Wednesday, June 12, 2013

Lawn Chair Catechism, Session 3

I missed session 2. Read the book but didn't post about it. So shoot me.   On with number 3. Here's the spot at Catholic Mom where this project is being hosted. Go there to join the fun. It's not just for bloggers.
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From the Study Guide:
In her extensive research, Sherry Weddell learned that most Catholics consider their relationship with God a forbidden topic – too private to discuss with others.  What we don’t hear about, we don’t know is possible:
One of our most surprising discoveries has been how many Catholics don’t even know that this personal, interior journey exists.  A high-level, cradle-Catholic leader on the West Coast acknowledged to me recently that the very idea of a personal relationship with God was still new to him.  The possibility had only dawned upon him for the first time a few years ago, when his parish started offering evangelizing retreats.
Our idea of “normal” Christian life is skewed.  We consider an interest in the spiritual life to be an exception, and not the norm.   To combat this mistake, the first Catholic discipleship group Sherry belonged to wrote a series of resolutions as part of their mission statement (here are a few excerpts from their longer list):
. . . It is NORMAL for lay Catholics to be excited Christian activists.
. . . It is NORMAL for lay Catholics to be knowledgeable of their faith, the Scriptures, the doctrinal and moral teachings of the Church, and the history of the Church.
. . . It is NORMAL for lay Catholics to have fellowship of other committed lay Catholics available to them, to encourage, nurture, and discern as they attempt to follow Jesus.
. . . It is NORMAL for the local parish to function consciously as a house for formation for lay Catholics . . ..

For discussion:

In your own faith:
  • Are you comfortable talking with others about your relationship with God?My answer: yes and no. It's a cinch to write about it. It's a joy to talk about it with other committed Catholics. And with my husband. But with other people--fellow parishioners, neighbors, and relative strangers--no so much. Unless they bring it up first. But how often does that happen? How exactly does one bring up Jesus, or faith, or the Church with other people who are likely to find it a strange or unwelcome topic? 
  • Would you say that you’re a “normal” Catholic using the criteria outlined above? Yes, I would say so, except for that basic shyness with face-to-face evangelism. Part of my difficulty is that I live in the country and spend most of my day working at home, except for trips to daily mass or to go shopping. And yes, I'm an introvert. It's  bit of a strain for me to start a conversation with a stranger about the weather, let alone about faith. How does one do that?...Hi! Nice weather the Lord is sending us these days, isn't it?" But I'm knowledgeable, excited about the faith, and enjoy fellowship with similar believers. I can't say that our parish functions as a house of formation except that our pastor certainly makes that effort in his sermons.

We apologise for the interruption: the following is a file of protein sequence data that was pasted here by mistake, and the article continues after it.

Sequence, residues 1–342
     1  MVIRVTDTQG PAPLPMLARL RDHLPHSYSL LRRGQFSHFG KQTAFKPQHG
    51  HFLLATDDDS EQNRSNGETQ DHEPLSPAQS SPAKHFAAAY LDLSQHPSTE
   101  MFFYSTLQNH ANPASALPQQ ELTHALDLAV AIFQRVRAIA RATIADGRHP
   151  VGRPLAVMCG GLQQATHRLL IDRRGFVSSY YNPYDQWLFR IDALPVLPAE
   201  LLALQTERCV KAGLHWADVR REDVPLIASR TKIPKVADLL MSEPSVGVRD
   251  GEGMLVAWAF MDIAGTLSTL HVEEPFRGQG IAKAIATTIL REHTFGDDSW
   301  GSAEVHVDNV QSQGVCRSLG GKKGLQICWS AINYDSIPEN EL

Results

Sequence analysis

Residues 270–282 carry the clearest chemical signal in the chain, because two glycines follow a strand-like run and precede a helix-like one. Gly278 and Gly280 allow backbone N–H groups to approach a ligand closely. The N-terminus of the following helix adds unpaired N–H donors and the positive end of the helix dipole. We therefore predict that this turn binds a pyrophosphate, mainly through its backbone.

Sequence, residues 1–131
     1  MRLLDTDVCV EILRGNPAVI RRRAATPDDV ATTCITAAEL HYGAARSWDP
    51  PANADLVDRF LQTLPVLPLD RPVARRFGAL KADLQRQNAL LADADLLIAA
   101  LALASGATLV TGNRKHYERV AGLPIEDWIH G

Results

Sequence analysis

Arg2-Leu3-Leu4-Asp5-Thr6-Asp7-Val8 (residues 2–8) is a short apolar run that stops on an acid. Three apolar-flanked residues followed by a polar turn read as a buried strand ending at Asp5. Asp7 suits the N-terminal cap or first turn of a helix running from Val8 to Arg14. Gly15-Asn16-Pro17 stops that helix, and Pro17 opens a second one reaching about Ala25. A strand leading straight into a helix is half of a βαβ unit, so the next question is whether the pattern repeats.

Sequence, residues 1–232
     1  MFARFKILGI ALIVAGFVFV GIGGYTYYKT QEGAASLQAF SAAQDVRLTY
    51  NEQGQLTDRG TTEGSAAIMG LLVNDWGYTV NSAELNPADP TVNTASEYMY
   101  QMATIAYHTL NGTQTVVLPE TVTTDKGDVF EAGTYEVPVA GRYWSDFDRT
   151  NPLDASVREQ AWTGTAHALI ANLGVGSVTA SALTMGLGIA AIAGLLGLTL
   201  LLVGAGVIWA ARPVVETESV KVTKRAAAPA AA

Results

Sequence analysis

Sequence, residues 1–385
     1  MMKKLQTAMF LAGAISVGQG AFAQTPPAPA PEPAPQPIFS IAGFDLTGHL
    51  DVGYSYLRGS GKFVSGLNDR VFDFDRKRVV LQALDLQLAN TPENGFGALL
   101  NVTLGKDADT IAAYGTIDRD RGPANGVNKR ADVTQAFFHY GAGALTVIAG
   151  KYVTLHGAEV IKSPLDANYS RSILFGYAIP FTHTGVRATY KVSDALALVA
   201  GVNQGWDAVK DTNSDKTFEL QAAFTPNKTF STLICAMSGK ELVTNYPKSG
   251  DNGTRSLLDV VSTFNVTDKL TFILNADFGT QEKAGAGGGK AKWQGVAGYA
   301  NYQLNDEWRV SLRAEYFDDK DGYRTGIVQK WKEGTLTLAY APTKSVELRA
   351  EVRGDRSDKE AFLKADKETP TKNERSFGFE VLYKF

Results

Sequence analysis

• Do you personally have, within your parish, a group of Catholics you meet with regularly, to discuss the faith, study the faith, and encourage each other to greater virtue? My answer: my homeschooling friends serve that function for me. That is not a parish group, but a group that draws from several local parishes. In our parish we daily mass folks have some informal fellowship in the parking lot!
  • At this time, does your parish have in place a working system for actively mentoring those who want to grow in their relationship with God? Not really. I'm sure our pastor would offer spiritual direction to anyone who asked, but there's no formal program. We have occasional bible studies but the same 8 to 10 people (who probably don't need it) are the ones who always come.

2 comments:

  1. I don't know if the author gets into it in a later chapter, as I haven't read ahead in the book, but I'm noticing an awful lot of people (including me) wondering how to fit an introvert's temperament in with the idea of discipleship as described in this book. I think what I really need is something called "Evangelization for the Socially-Awkward Wannabe Hermit."

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    Replies
    1. Amen, sister! Lots of us bloggers fit into that category. Some of blog precisely because we're such failures at the Chatty Cathy thing, and blogging is a way to at least do something.

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